I've already discussed the"cheese as junk food bill" that's been quickly making it's way through the Republican dominated State Legislature here in the Kingdom of FitzWalkerStan where organic foods, soy milk, as well as sharp cheddar and swiss cheese would be declared junk food. And you all snarked and cried with me.
I'm sad to report that this additional indignity which will be forced upon the poor, disabled and working poor when this odious thing gets signed into law was supported by quite a number of Democrats, yes, Democrats, during the recent vote to approve it in the State Assembly. AB 110 passed the Assembly and is now in the GOP dominated State Assembly where it currently resides in the Health and Human Services Committee on it's relentless march to
Governor Emperor Walkers vast array of bill signing pens.
Republican poor-bashing is well known. Along with gay-bashing, minority-bashing, women-bashing, and the rest of their "anybody other than old white gun toting men" bashing, it's become their claim to fame (or would that be infamy?). But when a thrid of the Democrats join in it's so worthy of dishonorable mention that Mike Tate, Chairman of the Wisconsin Democratic Party, has basically, albeit gently, called them out.
While doing so, he pointed out that Cheetos, a "food" we'd all agree is a junk, is actually cheaper than an apple. Politico, eager an opportunity to call BS on a Democrat, rushed in to fact check.
Tate spoke after one-third of Democrats in the state Assembly joined Republicans in approving the bill, which aims to cut down on junk food purchases seen as contributing to poor health in low-income families participating in the state’s FoodShare program.
"I’ll be honest with you, I think that having nutritional standards is an important thing," Tate told liberal radio talker John "Sly" Sylvester of Monroe’s WEKZ-FM on May 14, 2013. "I think there is a need for government to play a role in the marketplace and having healthy, nutritious food be available for people on FoodShare that can’t have access to it. "
"You know, I think that it’s a problem that a bag of Cheetos costs less to buy than an apple," he said. "You go around some neighborhoods in Milwaukee and, good luck trying to find an apple or a banana or some sort of healthy option."And yes, it's true, "Mostly True" as Politico put it.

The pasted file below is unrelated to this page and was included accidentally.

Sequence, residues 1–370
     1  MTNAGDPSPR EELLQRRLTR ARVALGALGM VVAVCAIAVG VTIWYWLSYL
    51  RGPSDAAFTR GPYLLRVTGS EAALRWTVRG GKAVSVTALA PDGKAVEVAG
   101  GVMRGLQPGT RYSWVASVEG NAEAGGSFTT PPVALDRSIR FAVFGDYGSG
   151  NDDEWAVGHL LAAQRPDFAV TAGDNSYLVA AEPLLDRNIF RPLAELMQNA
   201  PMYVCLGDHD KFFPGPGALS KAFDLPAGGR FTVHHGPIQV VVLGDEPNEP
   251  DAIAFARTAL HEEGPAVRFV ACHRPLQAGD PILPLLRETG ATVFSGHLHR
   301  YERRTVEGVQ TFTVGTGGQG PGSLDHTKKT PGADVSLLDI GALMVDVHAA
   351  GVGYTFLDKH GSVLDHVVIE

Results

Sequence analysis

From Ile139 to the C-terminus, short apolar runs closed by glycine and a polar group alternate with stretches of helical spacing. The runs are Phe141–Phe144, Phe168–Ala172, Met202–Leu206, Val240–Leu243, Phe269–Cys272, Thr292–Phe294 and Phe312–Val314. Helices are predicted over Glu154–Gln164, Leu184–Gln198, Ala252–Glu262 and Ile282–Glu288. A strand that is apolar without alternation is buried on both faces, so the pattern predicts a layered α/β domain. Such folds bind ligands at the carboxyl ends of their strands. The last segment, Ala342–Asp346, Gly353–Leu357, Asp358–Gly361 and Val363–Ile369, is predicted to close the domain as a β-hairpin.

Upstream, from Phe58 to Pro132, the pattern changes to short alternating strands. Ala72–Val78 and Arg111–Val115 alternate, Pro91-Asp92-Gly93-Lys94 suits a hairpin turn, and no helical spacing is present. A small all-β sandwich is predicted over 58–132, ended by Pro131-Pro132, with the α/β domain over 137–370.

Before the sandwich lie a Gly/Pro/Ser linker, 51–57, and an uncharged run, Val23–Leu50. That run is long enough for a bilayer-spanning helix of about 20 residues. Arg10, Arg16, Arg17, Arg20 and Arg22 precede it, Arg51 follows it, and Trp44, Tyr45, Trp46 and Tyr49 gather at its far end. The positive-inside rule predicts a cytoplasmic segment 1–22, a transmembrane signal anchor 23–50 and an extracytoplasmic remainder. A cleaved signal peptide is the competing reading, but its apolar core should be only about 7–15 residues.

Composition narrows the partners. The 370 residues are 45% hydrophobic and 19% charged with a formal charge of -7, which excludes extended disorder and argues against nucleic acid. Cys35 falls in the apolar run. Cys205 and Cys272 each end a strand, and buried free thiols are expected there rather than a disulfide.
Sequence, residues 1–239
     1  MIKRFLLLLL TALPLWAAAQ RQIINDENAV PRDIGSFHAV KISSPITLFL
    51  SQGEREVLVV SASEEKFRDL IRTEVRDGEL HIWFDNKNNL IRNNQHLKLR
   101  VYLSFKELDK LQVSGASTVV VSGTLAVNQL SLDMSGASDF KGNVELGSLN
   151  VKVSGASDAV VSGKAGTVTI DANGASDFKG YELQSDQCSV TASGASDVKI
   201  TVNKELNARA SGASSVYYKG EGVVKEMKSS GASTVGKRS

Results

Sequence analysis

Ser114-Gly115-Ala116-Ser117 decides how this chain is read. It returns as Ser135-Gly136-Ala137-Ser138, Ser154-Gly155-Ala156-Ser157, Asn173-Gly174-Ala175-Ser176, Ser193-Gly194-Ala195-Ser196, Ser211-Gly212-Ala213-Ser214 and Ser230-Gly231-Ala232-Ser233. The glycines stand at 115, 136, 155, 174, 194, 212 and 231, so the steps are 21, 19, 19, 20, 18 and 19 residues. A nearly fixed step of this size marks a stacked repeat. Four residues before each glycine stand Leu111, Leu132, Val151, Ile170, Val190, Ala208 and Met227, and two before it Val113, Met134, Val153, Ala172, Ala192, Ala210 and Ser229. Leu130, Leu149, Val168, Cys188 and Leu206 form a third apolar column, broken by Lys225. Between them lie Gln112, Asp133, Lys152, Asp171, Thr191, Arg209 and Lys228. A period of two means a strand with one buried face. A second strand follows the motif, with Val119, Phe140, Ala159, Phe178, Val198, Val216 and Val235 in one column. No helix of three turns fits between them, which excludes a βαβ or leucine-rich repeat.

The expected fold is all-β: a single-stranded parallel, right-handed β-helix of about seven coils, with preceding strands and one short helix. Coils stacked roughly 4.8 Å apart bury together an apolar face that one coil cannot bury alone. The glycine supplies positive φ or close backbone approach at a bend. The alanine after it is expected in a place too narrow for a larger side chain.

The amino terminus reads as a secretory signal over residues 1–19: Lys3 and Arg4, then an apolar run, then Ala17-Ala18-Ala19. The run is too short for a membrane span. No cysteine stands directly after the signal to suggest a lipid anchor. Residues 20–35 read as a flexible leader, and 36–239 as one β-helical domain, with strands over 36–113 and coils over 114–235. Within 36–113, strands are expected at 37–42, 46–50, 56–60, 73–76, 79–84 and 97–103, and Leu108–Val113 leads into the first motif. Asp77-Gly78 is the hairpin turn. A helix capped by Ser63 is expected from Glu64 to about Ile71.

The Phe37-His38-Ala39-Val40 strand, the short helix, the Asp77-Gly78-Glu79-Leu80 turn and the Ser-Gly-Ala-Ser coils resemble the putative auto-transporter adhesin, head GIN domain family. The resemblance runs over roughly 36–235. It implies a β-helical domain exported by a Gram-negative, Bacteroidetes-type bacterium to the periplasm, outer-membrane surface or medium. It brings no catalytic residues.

You might want to check out the full article and/or the associated links on the right hand side of the post.
The biggest problem people on SNAP experience is lack of access to actual grocery stores. And this problem exists everywhere in this country.
Sherrie Tussler, executive director of the Hunger Task Force in Milwaukee, told us that many FoodShare recipients rely at least in part on convenience stores because they lack transportation to reach supermarkets that can offer fresher and sometimes less expensive products.I think they should also have mentioned diabetes, which requires special dietary management for optimum control, along with other disorders such as food allergies and lactose intolerance.
Hunger Task Force, which opposes the state legislation as too expensive and complicated, closely tracks food availability in the city and plans to create a corner market emphasizing healthy foods.
Residents in Milwaukee’s lowest socioeconomic-status group have more than twice the saturation of small food outlets as in higher-status neighborhoods, the Milwaukee Health Report 2012 study found. The annual report, by the Center for Urban Population Health, examines health disparities by socioeconomic status.
"There is strong evidence that access to supermarkets rather than smaller grocery/convenience stores correlates with lower prevalence of overweight, obesity, and hypertension," the study said.
A close observer of convenience stores in town commented recently that corner convenience stores are the main food source for Milwaukee’s poor.
"Some stores do have fruits and vegetables, but are likely to be more expensive and of poorer quality, mainly because our nation’s produce distribution system is not geared to service the small mom-and-pop corner stores," Young Kim, executive director of the organization behind the north-side’s Fondy Farmers Market, wrote in May 14 column for Urban Milwaukee. Tate points to Kim’s piece as part of his argument on the difficulty in getting access to fresh fruit.
2008 study by the Neighborhood Health Alliance in Lindsay Heights, for example, found that more than 65% of the neighborhood retail food outlets offered no fresh produce. "Residents indicated that key concerns were: poor food quality, poor access to quality fresh produce and healthy food options, and a lack of transportation," the study found.If Republicans are really concerned about better food for SNAP recipients, they should address the problem of the lack of grocery stores in poor neighborhoods. Otherwise, we know that this is a continuation of their blatantly transparant legislative poor-bashing.
"I don’t want to call it a ‘food desert,’" Eric Gass, the Health Department’s public health research and policy director, said of Lindsay Heights. "Food is available. It’s just not good food. There’s a term I’ve heard for that: a ‘food swamp.’"
Residents in the Amani neighborhood, near Lindsay Heights, who lack vehicles or can’t get a ride have to figure out how to cover a mile and a half or more to find a full-service store on the city’s north side, Tussler said. Buses are an option.
"Think bus fare," Tussler said in an email to us. "Then how much can you carry? Then think once a month you pay for a taxi. You buy case goods because they don't spoil. You freeze meat and buy Wonder Bread because it doesn't mold. Then you get milk at the corner store."
Better yet, how about working on making nutritious food less costly than junk food. Solve that and you help the nation.